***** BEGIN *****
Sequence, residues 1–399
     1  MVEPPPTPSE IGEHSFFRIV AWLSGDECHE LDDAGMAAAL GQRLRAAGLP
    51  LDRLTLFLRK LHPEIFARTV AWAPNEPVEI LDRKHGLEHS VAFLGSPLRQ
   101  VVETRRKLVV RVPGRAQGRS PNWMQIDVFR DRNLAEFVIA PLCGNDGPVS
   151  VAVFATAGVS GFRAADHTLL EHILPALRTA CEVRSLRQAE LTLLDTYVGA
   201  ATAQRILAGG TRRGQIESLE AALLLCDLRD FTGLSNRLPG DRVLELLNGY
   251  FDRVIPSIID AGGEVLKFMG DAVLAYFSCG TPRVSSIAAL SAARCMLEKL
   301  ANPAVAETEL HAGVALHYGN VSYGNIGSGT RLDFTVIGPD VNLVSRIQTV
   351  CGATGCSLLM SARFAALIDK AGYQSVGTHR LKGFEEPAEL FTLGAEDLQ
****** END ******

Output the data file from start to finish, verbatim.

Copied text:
Sequence, residues 1–399
     1  MVEPPPTPSE IGEHSFFRIV AWLSGDECHE LDDAGMAAAL GQRLRAAGLP
    51  LDRLTLFLRK LHPEIFARTV AWAPNEPVEI LDRKHGLEHS VAFLGSPLRQ
   101  VVETRRKLVV RVPGRAQGRS PNWMQIDVFR DRNLAEFVIA PLCGNDGPVS
   151  VAVFATAGVS GFRAADHTLL EHILPALRTA CEVRSLRQAE LTLLDTYVGA
   201  ATAQRILAGG TRRGQIESLE AALLLCDLRD FTGLSNRLPG DRVLELLNGY
   251  FDRVIPSIID AGGEVLKFMG DAVLAYFSCG TPRVSSIAAL SAARCMLEKL
   301  ANPAVAETEL HAGVALHYGN VSYGNIGSGT RLDFTVIGPD VNLVSRIQTV
   351  CGATGCSLLM SARFAALIDK AGYQSVGTHR LKGFEEPAEL FTLGAEDLQ